Ignoring hunger and restricting intake can trigger an impulse to overeat (Mathes et al. 2009). Becoming aware of and honoring biological hunger can help. While this sounds simple, it can be challenging. “Many people seem deathly afraid to trust their internal hunger cues,” Washington, D.C., dietitian Victoria Jarzabkowski, MS, RDN, says. “It shouldn’t be terrifying, but that just goes to show how out of touch most of us are with body awareness.”
To foster this ability, have a dialogue with yourself concerning your hunger. Ask yourself, “What’s my hunger level?” before eating and at regular intervals throughout the day. Jarzabkowski recommends using a hunger scale, where 1 is completely starving and 10 is uncomfortably full, to help you begin to “hear” your hunger. “You should eat when you’re hungry, but not starving, and stop when you are at a 6–8 on the scale. It takes a lot of hyperawareness at the start but becomes easier over time,” she says.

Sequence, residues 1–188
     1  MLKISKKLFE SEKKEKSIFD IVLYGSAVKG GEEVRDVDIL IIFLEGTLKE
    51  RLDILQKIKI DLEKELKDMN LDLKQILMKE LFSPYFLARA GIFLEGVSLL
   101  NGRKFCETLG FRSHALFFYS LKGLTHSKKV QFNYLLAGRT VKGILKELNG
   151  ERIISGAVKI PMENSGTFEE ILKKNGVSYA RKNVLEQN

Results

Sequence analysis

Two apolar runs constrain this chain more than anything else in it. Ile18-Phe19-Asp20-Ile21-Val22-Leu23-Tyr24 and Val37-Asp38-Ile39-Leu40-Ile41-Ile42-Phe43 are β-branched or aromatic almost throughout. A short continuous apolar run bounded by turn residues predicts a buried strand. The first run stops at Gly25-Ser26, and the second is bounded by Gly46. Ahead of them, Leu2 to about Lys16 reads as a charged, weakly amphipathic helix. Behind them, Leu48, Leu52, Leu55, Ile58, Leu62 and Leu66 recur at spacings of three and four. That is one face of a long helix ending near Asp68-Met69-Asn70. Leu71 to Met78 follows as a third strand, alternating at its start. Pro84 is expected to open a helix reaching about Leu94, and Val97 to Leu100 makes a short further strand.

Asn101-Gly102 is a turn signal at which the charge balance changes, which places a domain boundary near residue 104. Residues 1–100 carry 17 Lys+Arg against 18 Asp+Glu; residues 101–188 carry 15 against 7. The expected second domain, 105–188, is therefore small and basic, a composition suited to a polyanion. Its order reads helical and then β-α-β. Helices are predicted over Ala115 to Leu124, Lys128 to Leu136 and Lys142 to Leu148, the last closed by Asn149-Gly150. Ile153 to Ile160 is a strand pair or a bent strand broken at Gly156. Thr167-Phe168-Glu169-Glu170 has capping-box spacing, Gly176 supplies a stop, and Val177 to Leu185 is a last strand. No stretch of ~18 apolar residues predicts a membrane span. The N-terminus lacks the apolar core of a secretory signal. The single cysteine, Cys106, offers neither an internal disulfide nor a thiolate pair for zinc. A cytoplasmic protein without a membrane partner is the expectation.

“After years of dieting, many people don’t even recognize signals of hunger,” says Marisa Molina of Hello Beautiful Health. “So it’s important to give them examples of what hunger actually feels like. These can include a growling stomach, fatigue or a drop in energy.” By becoming reacquainted with your hunger cues, you can begin eating in response to physiological hunger and avoid becoming ravenous later.
Editor’s note: To learn more about intuitive eating strategies such as the one described here, check out Kelsey Brown’s article in this issue’s Nutrition column (February 2017).
Mathes, W.F., et al. 2009. The biology of binge eating. Appetite, 52 (3), 545-53.